As the hot muggy days of summer descend upon our great nation’s capital, I find my mind wandering back to a little cabin in the woods of Maine. The place was nothing fancy; it was a real sweep-the-leaves-off-out-from-the corners kind of deal. But I’d be hard pressed to find better summertime memories than running wild under the cool pine trees and the way the chilly lake took my breath away every time I went crashing into its waters.
Following eight years of unbalanced, exploitative policies toward wildlands, the opening days of President Barack Obama’s administration appear to be a promising start in a new era of wildlands and wildlife protection.
In his first 100 days, President Obama reversed or put on hold a number of misguided Bush administration policies, signaling a more balanced use of public lands. He also put muscle behind campaign promises to reinstate science in federal decision making and to advance a clean energy future.
Star power can certainly help raise awareness of a critical issue. Like it or not, human beings are social animals and few among us are immune to the bit of a thrill that comes with rubbing elbows with celebrities. Even members of Congress get caught up in the excitement.
Conservation organizations like ours love to ask supporters to contact their congressmen to vote yes on all kinds of bills. But, the truth is that a lot of federal legislation doesn’t easily fire people up.
We’ve got a bill for you that does just that and it’s about, well, wildfires. We need your help to get Congress to pass this bill. The House is scheduled to vote Wednesday, March 25.
We’re losing 6,000 acres of open space per day — the equivalent of two Rhode Islands per year — and you can almost feel the Earth’s thermostat inching up a fraction each day. If we want to have any hope of slowing, let alone reversing, these trends, our country needs to take bold action. Perhaps bolder than we’ve ever attempted. Big problems clearly require serious solutions.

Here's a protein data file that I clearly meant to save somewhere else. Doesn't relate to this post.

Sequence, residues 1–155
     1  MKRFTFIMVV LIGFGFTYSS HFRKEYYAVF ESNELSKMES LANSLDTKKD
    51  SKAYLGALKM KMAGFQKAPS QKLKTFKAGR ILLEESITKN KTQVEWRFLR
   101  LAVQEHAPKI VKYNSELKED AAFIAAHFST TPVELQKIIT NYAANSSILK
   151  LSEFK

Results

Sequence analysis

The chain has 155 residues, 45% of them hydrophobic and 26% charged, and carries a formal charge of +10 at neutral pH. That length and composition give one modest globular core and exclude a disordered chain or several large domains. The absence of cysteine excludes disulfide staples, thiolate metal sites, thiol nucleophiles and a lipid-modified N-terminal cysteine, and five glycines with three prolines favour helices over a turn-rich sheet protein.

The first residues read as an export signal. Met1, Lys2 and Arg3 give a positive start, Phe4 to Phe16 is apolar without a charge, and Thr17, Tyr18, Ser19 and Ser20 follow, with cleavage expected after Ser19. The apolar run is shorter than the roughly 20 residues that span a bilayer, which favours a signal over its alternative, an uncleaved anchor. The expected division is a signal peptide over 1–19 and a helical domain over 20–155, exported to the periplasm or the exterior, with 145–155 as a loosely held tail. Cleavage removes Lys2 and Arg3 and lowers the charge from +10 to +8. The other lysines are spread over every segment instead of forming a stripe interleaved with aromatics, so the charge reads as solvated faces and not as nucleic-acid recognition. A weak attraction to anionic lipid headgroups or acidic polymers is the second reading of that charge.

There’s an old saying about “death by a thousand cuts.” Those words could easily be used to describe how federal environmental programs fared during the eight long years of the Bush administration.
Throughout those years, in agency after agency, programs vital to the health of the air we breathe, the water we drink, and the well-being of our nation’s beloved forests, parks, and wildlife refuges were systematically bled of the money they needed to assure their survival.
Here are just a few of the many examples of the damage:
President Obama today released the broad outlines of his proposed budget for FY 2010, setting the stage for a detailed budget proposal to follow in April. Every indication is that this will be the best federal budget in years for America’s environment and public lands, and the first budget ever to assume revenues from a cap on carbon pollution and an auction of carbon credits.
While a bright light has been focused on Congress’ recent efforts to pass the economic stimulus package, another critical financial debate is waiting in the wings on Capitol Hill — one that’s crucially important to sustaining clean air and water, lands, oceans, wildlife, and public health.